Discover Vintage America - AUGUST 2017
Bogus belt buckles created as a massive fraud
Q: Recently I went to a flea market and found this antique brass Coca Cola belt buckle. The back is marked indicating that it was made by Tiffany & Co. I only paid $10 for it and want your professional opinion on the value of this Tiffany belt buckle. Thank you.
A: Thank you so much for your question about brass belt buckles with a Tiffany & Co. mark. I am often asked about these belt buckles and this is the perfect opportunity to address this issue.
These brass belt buckles started appearing at antique shows and flea markets in the mid-1960s. They ran the gamut from Coca-Cola, American Express, Wells Fargo, Civil War insignia, Western Union, railroads and more. Wells Fargo and Civil War buckles were by far the most popular when these buckles and box plates started showing up. Despite warnings from experts that these items had not been seen before nor listed in any reference books, people were paying upwards of $400 or $500 for a single brass belt buckle or box plate.
These were not even reproduction pieces. They were made to intentionally defraud the public. Even today these buckles can be found selling for as much as $1,500 through online venues. They are well made and the outward appearance show appropriate signs of wear and aging. A great deal of effort was put in to pulling off this caper.
Tiffany is not the only name found on the buckles. Anson Mills, E. Gaylord and A. J. Nash are other names found stamped on the back of the fantasy brass or bronze belt buckles.
The question of who really made the brass Civil War belt buckles was a mystery until information came to light that an Englishman, John Fairchild, was crafting the buckles with the intent of preying on loyal Americans and their pride in their country's history. When sales dropped off Fairchild focused on the "Wild West". To further perpetrate the scam, in the early 1970s a book was released that appeared to answer all the questions about these brass belt buckles, "Tiffany & Gaylord Express & Exhibition Belt Plates" the publication date listed in the book is 1950 and the author was one Percy Seibert. This book was very detailed containing manufacturers, quantity made and dates of manufacture.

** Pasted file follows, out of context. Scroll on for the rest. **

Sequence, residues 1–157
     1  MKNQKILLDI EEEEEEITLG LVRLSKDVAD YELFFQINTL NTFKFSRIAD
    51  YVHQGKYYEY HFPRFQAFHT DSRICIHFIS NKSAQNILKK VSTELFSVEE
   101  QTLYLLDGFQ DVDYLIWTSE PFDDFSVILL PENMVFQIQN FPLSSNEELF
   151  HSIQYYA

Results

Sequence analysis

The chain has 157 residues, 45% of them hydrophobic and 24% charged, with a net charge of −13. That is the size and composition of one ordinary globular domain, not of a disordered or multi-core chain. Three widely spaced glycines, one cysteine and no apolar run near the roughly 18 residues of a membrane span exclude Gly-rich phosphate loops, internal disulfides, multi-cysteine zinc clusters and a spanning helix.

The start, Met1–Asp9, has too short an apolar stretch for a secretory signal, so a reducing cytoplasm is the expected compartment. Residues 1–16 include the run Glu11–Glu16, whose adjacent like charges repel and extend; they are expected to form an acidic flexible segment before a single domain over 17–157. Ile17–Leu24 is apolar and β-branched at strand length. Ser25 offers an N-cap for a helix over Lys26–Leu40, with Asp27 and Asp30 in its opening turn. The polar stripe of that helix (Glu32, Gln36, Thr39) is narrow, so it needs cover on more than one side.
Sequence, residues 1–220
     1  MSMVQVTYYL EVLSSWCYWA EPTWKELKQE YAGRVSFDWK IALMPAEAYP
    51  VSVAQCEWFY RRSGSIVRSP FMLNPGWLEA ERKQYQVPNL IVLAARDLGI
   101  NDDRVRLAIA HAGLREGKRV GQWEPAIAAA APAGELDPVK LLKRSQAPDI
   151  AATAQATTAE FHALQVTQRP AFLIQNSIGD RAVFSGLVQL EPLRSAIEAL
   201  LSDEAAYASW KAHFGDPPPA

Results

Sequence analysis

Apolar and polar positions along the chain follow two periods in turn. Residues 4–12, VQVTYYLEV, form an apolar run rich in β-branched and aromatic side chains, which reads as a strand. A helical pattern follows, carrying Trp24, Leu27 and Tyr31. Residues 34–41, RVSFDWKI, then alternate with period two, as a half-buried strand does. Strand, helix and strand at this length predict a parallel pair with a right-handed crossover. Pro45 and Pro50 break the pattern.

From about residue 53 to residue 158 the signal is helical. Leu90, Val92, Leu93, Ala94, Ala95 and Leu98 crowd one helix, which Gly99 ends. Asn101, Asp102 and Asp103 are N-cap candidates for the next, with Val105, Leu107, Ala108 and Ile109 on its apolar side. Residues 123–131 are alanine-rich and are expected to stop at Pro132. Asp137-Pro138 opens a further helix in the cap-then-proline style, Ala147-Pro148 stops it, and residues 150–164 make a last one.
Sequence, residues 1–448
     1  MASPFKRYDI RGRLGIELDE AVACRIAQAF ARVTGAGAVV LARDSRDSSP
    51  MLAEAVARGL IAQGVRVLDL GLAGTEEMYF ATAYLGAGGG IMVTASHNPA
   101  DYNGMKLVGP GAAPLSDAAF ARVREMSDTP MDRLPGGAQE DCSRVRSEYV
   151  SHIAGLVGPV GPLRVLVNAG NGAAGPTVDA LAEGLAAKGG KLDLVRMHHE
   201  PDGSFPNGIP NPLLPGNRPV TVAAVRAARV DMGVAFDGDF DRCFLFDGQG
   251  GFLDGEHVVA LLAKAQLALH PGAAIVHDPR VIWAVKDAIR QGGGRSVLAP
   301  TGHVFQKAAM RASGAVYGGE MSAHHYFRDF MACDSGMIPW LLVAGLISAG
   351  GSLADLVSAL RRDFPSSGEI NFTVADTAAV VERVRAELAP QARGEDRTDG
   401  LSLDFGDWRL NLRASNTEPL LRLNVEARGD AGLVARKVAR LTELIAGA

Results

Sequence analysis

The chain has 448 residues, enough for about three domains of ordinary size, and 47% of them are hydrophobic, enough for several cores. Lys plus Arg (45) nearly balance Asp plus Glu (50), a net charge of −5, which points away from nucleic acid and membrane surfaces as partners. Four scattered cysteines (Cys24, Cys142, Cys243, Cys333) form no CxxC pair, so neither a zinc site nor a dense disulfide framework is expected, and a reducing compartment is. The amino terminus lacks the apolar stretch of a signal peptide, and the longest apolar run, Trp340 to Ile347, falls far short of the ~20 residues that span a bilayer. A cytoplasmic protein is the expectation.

Not long after the release of the book, Duncan Campbell, a consultant for the Smithsonian and an expert on box plates and belt buckles, noticed that most of the information contained in the book was word for word copied from a book he had written in 1963. Mr. Campbell took matters into his own hands and exposed the entire belt buckle scam through a book titled New Buckles of the Old West.
It is important to have some basic knowledge when looking at these brass belt buckles. Tiffany & Co. is a U.S. company that expanded to London in 1986. Since Fairchild's scam was such a success there are other companies and individuals who have jumped on the fake brass belt buckle bandwagon. It is very easy to "age" metal so you need to look at the fine details and educate yourself on what the backside of a real antique brass belt buckle looks like.
As for the resale value of your "fantasy" belt buckle $10 is about the most one could get in a retail environment.
To learn a bit more about these buckles please visit these websites:
Note: All prices given are for sale in a private sale, antique shop or other resale outlet. Price is also dependent upon the geographic area in which you are selling. Auction value, selling to a dealer or pawnshop prices are about half or less of resale value.
Michelle Staley is a Lenexa, KS-based dealer and researcher with 35 years of experience in the antique trade. Send questions with photos to Michelle to email@example.com. Please keep queries to one question; questions without photos of the item may not be answered. Michelle is also available for consulting and extensive research work beyond this column. If you would like an appraisal on an antique or collectible please go to www.michelleknowsantiques.com for a one-on-one appraisal.